- 1/3 cup Powdered Ginger
- 1/3 cup Baking Soda
- 1 Bad-ass bath tub- Claw foot, Double slipper, Japanese soaking….or whatever you can get your hands on.
- Draw a warm bath, add the ginger powder and baking soda.
- Soak away your anxiety with this powerful stress-relieving formula.
The aromatics of the ginger will help open the lungs, increase circulation and stimulate warmth. A perfect remedy for a rainy afternoon. While you’re at it, dim the lights (another great way to calm Vata) and play soothing music.
And finally, courtesy of my favorite food blog 101cookbooks.com, Triple Ginger Cookies! Vata dosha is pacified by foods that are sweet, sour or salty. Thus, some sweet cookies to accompany your tea and bath.
Triple Ginger Cookies
Feel free to use all-purpose flour if that is what you have on hand. Again, in regards to the ginger – mince it as if you were trying to turn it into a paste. Two sugar coating. In my most recent batch of these I used a big, flaked, smoked sea salt along with sugar to finish the cookies, so that is something to experiment with as well, but totally optional. I grind whole star anise in my spice grinder and then do a bit of sifting.
1/2+ cup large-grain sugar (i.e. turbinado)
2 cups spelt flour OR whole wheat pastry flour
1 teaspoons baking soda
1 teaspoon star anise, finely ground
4 1/2 teaspoons ground ginger
1/2 teaspoon fine grain sea salt
1 stick (1/2 cup) unsalted butter, room temperature
1/4 cup unsulphured molasses (I use Wholesome Sweeteners brand)
2/3 cup fine grain natural cane sugar, sifted
1 1/2 tablespoons fresh ginger, peeled and grated
1 large egg, well beaten
1 cup crystallized ginger, then finely minced
2 lemons, zest only
Preheat the oven to 350F degree – racks in the top and bottom 1/3 of the oven. Line a couple baking sheets with unbleached parchment paper or a Silpat mat, place the large-grain sugar in a small bowl, and set aside.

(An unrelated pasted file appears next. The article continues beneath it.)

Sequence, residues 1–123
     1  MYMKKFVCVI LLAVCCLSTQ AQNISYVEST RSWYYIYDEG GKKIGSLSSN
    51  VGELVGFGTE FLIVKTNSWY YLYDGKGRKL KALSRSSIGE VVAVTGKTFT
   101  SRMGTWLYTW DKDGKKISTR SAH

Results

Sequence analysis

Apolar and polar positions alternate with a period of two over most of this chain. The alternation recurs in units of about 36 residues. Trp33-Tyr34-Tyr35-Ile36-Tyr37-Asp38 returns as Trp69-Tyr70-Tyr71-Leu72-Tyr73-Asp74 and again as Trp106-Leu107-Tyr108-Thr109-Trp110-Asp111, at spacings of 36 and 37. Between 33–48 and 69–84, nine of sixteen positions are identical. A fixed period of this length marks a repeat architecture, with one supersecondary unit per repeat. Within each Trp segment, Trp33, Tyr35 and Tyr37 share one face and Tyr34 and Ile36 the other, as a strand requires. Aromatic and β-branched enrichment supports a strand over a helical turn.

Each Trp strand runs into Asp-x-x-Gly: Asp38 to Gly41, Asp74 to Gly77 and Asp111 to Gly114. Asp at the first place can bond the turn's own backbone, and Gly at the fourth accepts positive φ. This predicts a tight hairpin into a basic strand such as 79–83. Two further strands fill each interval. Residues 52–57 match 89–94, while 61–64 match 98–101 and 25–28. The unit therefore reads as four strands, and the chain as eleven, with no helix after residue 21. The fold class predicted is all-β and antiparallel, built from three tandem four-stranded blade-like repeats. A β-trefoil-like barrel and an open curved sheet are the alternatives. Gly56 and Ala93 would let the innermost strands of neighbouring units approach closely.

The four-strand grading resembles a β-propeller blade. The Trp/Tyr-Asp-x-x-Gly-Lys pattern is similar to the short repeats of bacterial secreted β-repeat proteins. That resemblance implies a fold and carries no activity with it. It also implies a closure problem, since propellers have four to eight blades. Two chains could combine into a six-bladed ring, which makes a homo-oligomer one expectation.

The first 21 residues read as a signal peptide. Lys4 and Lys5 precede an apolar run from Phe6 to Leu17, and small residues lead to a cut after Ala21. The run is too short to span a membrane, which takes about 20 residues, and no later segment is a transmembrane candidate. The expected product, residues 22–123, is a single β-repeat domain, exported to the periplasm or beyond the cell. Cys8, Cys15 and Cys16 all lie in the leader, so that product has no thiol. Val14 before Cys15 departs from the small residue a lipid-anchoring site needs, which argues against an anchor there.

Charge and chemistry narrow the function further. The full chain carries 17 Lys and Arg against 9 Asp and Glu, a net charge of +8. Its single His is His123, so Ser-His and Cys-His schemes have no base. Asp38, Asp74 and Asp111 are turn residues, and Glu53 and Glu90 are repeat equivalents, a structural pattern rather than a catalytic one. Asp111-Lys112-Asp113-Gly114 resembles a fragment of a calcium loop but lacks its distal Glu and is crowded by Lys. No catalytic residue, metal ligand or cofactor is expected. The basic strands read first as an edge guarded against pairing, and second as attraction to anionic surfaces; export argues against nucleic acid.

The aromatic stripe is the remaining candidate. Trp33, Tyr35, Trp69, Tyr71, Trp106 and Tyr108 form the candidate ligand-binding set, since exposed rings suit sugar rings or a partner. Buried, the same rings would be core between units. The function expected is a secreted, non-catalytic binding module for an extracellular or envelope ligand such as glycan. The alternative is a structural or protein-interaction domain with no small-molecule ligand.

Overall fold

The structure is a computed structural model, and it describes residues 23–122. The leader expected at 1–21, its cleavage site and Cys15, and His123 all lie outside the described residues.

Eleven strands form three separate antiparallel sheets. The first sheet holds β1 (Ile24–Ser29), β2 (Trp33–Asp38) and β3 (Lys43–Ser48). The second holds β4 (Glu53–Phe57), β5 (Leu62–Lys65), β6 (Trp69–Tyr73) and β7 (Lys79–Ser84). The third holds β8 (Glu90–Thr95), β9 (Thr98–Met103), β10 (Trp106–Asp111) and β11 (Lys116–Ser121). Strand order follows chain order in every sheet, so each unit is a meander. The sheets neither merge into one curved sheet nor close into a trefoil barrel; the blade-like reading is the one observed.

In a large bowl whisk together the flour, baking soda, star anise, ground ginger, and salt.
Heat the butter in a skillet until it is just barely melted. Stir in the molasses, natural cane sugar, and fresh ginger. The mixture should be warm, but not hot at this point, if it is hot to touch let it cool a bit. Whisk in the egg. Now pour this over the flour mixture, add the crystallized ginger (make sure it isn’t too clumpy), and lemon zest. Stir until just combined.
I like these cookies tiny, barely bite-sized, so I scoop out the dough in exact, level tablespoons. I then tear those pieces of dough in two before rolling each 1/2 tablespoon of dough into a ball shape. From there, grab a small handful of the big sugar you set aside earlier and roll each ball between your palms to heavily coat the outside of each dough ball. Place dough a few inches apart on prepared baking sheets. Bake for 7-10 minutes or until cookies puff up, darken a bit, get fragrant and crack.
Makes about 4 dozen or so.
And there you have it, 3 ways to stimulate digestion and circulate heat in an entirely doable, and delicious manner. Take that October!